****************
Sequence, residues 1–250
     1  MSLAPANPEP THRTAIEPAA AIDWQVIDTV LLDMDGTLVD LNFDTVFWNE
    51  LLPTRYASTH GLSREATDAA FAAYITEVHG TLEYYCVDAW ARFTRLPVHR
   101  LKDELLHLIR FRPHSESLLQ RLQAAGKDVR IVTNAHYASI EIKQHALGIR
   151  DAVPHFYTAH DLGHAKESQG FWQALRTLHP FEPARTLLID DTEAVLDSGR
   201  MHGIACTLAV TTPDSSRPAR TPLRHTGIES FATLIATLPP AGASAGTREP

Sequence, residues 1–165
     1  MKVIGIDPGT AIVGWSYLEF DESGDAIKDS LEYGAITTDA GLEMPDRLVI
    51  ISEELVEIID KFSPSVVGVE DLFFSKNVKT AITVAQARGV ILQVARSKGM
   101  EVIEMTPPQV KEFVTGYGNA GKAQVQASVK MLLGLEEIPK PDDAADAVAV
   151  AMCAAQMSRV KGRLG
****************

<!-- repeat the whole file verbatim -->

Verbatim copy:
Sequence, residues 1–250
     1  MSLAPANPEP THRTAIEPAA AIDWQVIDTV LLDMDGTLVD LNFDTVFWNE
    51  LLPTRYASTH GLSREATDAA FAAYITEVHG TLEYYCVDAW ARFTRLPVHR
   101  LKDELLHLIR FRPHSESLLQ RLQAAGKDVR IVTNAHYASI EIKQHALGIR
   151  DAVPHFYTAH DLGHAKESQG FWQALRTLHP FEPARTLLID DTEAVLDSGR
   201  MHGIACTLAV TTPDSSRPAR TPLRHTGIES FATLIATLPP AGASAGTREP

Sequence, residues 1–165
     1  MKVIGIDPGT AIVGWSYLEF DESGDAIKDS LEYGAITTDA GLEMPDRLVI
    51  ISEELVEIID KFSPSVVGVE DLFFSKNVKT AITVAQARGV ILQVARSKGM
   101  EVIEMTPPQV KEFVTGYGNA GKAQVQASVK MLLGLEEIPK PDDAADAVAV
   151  AMCAAQMSRV KGRLG